Looking down over Barrowford Reservoir the level looked quite low. C&RT had lowered the levels of several of their reservoirs for maintenance earlier in the year and as lockdown started to be lifted it looked like there wouldn’t be enough water to last the season. Locks on the Leeds and Liverpool remained closed for a while, then they brought in timed passages, but with the amount of rainfall we’ve had over the last few weeks levels have improved enabling the locks to be open full time. The level must have looked really low back in April and May.
Lock 45, the last lock up onto the L&L summit. Since starting our ascent up Poolstock Locks a week ago we have climbed 400ft and 9″. Apparently we are now at the same level as we were at in Birmingham back at the beginning of the year according to a programme we watched the other evening, although google suggests we might be 8 meters higher!
The Billy crew were stopping for water and lunch whilst we wanted to get through the tunnel and claim a mooring for a shopping delivery. So we waved our goodbyes for today. We pootled on leaving the views behind us.
A chap on one of the offside moorings asked if we used to have another boat and had been in a magazine. Sorry we didn’t get your boats name or yours, but thank you for following us.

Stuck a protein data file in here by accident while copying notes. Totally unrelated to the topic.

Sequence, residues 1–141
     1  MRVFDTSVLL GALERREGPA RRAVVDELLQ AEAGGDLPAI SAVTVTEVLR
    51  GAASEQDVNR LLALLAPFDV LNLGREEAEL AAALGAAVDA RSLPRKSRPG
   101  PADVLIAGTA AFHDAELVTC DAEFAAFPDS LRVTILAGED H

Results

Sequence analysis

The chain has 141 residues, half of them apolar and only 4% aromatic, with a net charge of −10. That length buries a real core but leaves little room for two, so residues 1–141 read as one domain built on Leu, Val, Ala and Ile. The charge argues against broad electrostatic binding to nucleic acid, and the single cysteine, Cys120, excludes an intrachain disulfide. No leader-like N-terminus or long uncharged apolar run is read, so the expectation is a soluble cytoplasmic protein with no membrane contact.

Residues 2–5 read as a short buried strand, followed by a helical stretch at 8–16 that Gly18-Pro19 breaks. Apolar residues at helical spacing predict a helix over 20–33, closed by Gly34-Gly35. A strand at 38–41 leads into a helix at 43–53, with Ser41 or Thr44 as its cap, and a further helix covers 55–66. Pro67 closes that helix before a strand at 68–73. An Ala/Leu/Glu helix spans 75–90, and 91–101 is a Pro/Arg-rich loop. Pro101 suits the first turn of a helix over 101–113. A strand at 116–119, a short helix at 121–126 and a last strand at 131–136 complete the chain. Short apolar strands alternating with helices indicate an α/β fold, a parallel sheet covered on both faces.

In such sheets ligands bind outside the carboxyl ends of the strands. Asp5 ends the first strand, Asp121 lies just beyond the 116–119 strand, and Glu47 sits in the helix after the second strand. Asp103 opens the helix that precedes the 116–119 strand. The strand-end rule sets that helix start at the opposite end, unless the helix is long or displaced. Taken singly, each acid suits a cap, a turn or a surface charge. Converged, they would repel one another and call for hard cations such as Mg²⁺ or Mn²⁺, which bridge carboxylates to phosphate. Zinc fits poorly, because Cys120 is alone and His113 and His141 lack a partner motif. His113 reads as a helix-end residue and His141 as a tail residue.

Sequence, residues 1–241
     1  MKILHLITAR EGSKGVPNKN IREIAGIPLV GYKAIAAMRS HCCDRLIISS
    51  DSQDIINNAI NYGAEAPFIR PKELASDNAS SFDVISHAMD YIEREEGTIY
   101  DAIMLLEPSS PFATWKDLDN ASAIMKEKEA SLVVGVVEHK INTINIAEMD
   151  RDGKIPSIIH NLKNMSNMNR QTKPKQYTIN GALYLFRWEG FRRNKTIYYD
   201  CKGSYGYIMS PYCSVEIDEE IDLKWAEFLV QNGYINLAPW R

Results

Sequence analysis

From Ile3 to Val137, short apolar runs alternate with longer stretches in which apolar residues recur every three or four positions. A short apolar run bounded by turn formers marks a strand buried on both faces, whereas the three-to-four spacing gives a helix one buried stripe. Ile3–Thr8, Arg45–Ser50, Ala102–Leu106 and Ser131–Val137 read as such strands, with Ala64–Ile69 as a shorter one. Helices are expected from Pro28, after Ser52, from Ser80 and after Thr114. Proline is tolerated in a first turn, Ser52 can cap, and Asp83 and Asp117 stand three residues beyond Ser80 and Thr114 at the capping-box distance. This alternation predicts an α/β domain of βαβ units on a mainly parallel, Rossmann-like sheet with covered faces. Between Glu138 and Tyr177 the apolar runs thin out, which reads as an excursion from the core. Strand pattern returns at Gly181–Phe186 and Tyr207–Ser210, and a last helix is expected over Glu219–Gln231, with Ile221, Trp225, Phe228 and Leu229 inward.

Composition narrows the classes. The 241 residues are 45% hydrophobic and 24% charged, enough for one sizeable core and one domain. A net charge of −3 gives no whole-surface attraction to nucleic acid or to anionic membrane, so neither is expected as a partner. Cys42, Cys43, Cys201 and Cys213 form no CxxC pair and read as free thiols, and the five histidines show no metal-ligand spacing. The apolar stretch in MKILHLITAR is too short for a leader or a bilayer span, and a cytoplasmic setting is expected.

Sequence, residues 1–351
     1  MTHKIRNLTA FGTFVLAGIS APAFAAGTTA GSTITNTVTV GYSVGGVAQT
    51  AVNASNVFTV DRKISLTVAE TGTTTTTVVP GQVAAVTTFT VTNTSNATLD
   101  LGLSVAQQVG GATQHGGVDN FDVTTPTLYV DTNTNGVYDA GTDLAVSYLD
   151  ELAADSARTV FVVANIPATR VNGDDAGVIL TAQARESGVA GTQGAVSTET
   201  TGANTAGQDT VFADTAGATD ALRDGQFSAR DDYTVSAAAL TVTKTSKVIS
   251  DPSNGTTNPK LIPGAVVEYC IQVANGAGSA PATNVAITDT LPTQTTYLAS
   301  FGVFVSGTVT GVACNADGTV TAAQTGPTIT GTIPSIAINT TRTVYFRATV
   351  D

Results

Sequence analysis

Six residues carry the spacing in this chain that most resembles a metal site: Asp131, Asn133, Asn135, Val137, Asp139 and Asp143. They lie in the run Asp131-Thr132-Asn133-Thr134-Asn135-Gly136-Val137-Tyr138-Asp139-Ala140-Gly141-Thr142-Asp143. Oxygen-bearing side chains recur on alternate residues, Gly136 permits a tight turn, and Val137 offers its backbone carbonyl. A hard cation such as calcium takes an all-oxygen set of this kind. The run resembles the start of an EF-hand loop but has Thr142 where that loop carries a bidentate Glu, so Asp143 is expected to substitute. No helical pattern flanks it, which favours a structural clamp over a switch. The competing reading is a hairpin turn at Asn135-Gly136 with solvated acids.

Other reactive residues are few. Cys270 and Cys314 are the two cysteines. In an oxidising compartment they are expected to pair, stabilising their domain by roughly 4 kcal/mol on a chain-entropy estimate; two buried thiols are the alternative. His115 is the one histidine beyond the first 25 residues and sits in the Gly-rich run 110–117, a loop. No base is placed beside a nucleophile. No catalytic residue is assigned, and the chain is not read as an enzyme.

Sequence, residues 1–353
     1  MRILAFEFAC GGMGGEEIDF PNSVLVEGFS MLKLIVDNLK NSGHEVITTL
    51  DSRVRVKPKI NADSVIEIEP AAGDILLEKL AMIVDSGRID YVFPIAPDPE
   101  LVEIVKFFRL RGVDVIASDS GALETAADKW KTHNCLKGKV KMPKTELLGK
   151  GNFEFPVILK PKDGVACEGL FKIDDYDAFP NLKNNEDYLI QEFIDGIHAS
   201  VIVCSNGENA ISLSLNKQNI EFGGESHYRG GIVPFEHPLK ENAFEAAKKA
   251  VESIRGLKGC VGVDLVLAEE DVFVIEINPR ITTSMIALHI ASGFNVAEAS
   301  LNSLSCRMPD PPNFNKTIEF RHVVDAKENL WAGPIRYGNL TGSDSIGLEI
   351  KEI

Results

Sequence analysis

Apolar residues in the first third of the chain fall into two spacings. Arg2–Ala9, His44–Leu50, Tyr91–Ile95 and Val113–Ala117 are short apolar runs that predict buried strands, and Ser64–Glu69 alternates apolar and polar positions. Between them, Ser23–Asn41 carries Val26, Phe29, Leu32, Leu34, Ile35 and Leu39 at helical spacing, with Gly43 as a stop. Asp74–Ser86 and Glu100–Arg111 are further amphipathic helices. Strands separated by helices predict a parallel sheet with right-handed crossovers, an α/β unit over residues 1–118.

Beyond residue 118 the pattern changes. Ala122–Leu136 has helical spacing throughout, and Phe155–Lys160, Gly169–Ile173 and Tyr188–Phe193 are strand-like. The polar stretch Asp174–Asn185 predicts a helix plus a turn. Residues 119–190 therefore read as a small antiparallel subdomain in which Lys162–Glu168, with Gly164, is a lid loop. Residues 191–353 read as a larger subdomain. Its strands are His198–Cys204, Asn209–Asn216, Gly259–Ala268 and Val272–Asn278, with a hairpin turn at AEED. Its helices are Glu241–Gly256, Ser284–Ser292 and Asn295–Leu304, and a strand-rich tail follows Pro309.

Not quite a mile to the south portal of Foulridge Tunnel where we knew we’d have to wait. Foulridge has red and green lights, the passage window of ten minutes on the half hour heading northwards and on the hour for south bound. So we had around about a half hour wait for the next green light. A hire boat had positioned themselves in the middle of the waiting moorings, not quite enough space behind them for us, so we pulled in in front.
One boat came through and when the lights turned green we checked it was okay for us to go first, we wouldn’t have minded waiting but it maybe was just as well as their boat didn’t seem to have warp drive!
Having a big torch at the back of the boat shining up at the ceiling meant we got to see all the formations on the brickwork. Fins of what look like shark jaws all line up against each other as the water drips off them. Maybe the sharks were hopeful that there might be a cow swimming through. Here’s a song about Buttercup. Sadly I didn’t get a photo as we were being followed so couldn’t stop.
Back in the light we warned a Silsden Hire boat of the slow boat behind us and then we carried on to find a mooring. There was space for a couple of boats on the 3 day moorings which would be great for our delivery tomorrow. First we tried at the far end, furthest away from the car park for feline safety, except there was something stopping us from getting into the side. We pulled back, but that was even worse. The close proximity to a shaft/well with birdies down it made our minds up, unsafe for Tilly. The bird looking back up at me was very relieved!
We pushed out and reversed back to another space, close to the water point and car park, then we spent the rest of the afternoon saying ‘NO’ a lot to Tilly.
7 locks, 2.58 miles, 1 mile of tunnel, 3 mysterons, 0 cows, 6 hire boats, 1 lost pigeon, 6 crew, 2 boats, 3rd mooring lucky, 0 shore leave, 1 delivery confirmed, 1 Paul Hudson.